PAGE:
Judy’s unwillingness to act as a proxy for Scottie’s memory is palpable and it is unsettling to watch her squirm as he tries to create the perfect recreation of his memory. As the lady proprietor of the store says, “The gentleman seems to know what he wants.” Judy is unable to see what good can come of her impersonation and accepts only to pander to Scottie. The notion of a monstrous birth is important here, as the audience is ill at ease with the yawning realization that Scottie is engaged in a distasteful if not unnatural act. Choosing specific dresses, lipstick, and haircuts for his dress-up doll leaves Judy more Scottie’s creation than her own self. Her strangely halting protests at this fact disguises both the secret that she holds and her unwillingness to be fashioned again in the same way that the real Madeleine’s husband Gavin Elster had done initially. Judy becomes caught between the dowdy image and colloquial speech patterns which are hers and the idealized and exotic mystique of the role created for her by men.

Indeed, it is an aspect of this mystique, in Carlotta’s necklace, which marks the revelation of Judy’s real identity and the role she played in deceiving Scottie. Interestingly, there is another parallel here with the story of Frankenstein, as the violence begins after the Creature plants the murdered child William Frankenstein’s necklace on Justine the servant girl, who on this basis is found guilty and hanged. These pivotal moments with necklaces represent in both stories the moment where the creatures move beyond the control of the creator. Discovering Judy’s true identity has literally made Scottie’s mental projection flesh. Yet it also leaves him seemingly resentful. His menacing promise that there is “one final thing I have to do, and then I’ll be free of the past” clearly terrorizes Judy.

Having perfected his creation, Scottie seems disgusted with it. In the words of Victor Frankenstein: “I had desired it with an ardour that far exceeded moderation; but now that I had finished, the beauty of the dream vanished, and breathless horror and disgust filled my heart.” At the climax of the story, when Scottie is faced with a brutal choice which governs Judy’s fate, he loses control of his created scenario once more. His mastery over his created romantic object slips. Although his realization of the truth salves him of his lingering vertigo, it smashes the fragile compact between the illusion and reality of both Madeleine and Judy. By tearing down the vestiges of his created “Madeleine”, Scottie likewise terrorises Judy, the reality of his illusion. In criticizing her for sentimentally holding onto the necklace, Scottie appears as a Byronic hero, like Prometheus in Prometheus Unbound, consumed by the need for some form of vengeance: “Let a sufferer’s curse / Clasp thee, his torturer, like remorse.”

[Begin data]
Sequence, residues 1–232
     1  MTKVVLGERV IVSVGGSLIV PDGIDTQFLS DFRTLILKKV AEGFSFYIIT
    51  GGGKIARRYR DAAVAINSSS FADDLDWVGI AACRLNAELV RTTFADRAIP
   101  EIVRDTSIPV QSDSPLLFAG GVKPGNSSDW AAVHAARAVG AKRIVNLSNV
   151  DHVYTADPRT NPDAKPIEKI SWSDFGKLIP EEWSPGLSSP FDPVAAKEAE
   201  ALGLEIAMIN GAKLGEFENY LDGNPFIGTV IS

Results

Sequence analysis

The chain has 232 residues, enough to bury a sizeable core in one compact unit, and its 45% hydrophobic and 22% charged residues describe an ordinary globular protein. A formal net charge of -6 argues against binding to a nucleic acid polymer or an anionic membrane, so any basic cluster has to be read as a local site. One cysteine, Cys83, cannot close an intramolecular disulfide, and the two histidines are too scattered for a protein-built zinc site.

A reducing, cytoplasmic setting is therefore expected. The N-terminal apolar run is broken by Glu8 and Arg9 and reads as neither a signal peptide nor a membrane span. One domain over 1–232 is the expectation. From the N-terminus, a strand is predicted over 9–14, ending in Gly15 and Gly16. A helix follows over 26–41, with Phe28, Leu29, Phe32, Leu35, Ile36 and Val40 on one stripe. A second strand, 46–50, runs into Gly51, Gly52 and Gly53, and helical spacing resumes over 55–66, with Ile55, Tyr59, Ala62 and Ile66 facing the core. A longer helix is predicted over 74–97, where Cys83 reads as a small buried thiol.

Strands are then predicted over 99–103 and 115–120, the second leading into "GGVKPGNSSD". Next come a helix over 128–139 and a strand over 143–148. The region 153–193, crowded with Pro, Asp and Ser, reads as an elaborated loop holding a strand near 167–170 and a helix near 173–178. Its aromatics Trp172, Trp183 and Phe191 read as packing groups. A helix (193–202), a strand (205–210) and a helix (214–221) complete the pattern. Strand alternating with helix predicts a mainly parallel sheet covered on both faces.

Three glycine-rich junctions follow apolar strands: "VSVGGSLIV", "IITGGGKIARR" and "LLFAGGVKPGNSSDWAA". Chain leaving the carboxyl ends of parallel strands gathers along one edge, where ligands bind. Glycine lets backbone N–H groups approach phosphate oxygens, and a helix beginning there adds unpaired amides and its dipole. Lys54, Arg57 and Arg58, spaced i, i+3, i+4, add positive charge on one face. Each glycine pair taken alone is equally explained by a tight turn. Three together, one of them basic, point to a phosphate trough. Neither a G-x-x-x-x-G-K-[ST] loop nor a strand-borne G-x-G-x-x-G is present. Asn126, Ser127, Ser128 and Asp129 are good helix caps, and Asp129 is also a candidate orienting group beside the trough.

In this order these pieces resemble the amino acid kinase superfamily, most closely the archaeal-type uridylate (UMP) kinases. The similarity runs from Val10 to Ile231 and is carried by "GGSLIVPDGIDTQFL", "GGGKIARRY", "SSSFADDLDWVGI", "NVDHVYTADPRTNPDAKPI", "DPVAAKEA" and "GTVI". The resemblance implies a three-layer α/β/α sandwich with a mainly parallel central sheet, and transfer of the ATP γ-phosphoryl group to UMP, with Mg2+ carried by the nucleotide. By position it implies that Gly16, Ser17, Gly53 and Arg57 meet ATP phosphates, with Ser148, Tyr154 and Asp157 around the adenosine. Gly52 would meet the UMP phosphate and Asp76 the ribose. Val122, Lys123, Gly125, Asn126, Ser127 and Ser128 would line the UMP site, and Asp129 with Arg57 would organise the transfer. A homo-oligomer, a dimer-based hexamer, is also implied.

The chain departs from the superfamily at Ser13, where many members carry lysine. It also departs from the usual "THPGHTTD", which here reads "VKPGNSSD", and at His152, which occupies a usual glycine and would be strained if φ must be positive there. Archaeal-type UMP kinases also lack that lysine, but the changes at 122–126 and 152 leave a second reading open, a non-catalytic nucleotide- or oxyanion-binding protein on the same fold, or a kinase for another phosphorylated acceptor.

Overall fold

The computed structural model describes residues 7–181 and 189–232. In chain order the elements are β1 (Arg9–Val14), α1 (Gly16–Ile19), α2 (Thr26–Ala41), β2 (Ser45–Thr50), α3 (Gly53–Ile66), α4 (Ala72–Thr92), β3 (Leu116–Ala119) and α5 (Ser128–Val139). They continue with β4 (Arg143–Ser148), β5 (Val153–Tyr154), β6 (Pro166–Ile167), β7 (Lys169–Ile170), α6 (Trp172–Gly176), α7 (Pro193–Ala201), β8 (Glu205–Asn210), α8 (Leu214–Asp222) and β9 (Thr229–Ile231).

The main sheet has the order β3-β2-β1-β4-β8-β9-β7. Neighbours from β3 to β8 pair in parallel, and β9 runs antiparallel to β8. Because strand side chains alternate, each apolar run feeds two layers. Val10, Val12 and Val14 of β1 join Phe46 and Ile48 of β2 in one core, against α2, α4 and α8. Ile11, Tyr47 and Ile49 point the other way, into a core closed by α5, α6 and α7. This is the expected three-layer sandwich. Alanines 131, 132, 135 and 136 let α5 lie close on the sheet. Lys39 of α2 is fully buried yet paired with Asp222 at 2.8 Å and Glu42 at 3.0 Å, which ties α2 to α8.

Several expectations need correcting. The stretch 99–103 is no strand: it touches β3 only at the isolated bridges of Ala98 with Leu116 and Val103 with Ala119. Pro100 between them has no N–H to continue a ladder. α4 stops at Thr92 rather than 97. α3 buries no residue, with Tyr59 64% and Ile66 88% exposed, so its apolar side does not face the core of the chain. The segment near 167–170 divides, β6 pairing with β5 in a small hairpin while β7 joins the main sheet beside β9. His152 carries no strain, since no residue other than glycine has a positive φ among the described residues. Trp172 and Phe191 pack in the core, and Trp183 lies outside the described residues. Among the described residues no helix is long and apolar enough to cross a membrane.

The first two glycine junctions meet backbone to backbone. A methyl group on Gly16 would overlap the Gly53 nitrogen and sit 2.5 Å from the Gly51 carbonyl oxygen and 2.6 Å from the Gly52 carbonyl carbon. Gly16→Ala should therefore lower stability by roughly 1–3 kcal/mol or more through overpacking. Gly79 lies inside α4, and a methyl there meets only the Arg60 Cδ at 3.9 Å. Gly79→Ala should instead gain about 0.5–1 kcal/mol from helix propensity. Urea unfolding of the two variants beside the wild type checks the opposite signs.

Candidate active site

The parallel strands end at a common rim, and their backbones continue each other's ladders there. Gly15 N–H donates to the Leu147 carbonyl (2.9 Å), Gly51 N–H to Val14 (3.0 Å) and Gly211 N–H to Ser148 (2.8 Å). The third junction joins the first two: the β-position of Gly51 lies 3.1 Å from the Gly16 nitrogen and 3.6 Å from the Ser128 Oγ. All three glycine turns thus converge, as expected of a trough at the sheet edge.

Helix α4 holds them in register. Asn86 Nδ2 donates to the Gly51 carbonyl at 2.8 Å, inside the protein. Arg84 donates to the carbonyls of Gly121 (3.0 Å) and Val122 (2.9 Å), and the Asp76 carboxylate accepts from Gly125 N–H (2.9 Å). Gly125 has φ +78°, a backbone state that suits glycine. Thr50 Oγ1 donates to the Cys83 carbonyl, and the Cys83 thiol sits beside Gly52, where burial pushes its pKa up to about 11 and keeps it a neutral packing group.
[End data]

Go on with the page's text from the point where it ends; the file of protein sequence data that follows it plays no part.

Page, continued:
As Judy pleads with Scottie not to abandon her, her entreaties echo the words of Frankenstein’s creature: “Accursed creator! Why did you form a monster so hideous that even you turned from me in disgust?” Judy mentions her safety and catalogues what she has lost to bring Scottie back into her life. Despite a final embrace which hints at reconciliation, the near literal appearance of ‘deus ex machina’ (in the form of the Nun pacing to the top of the tower) startles the couple and sends Judy plunging to her death and the creator irredeemable. The enactment of the very mise-en-scène that triggered his obsession sees Scottie torn between achieving his creative project and the literal impact of this creation.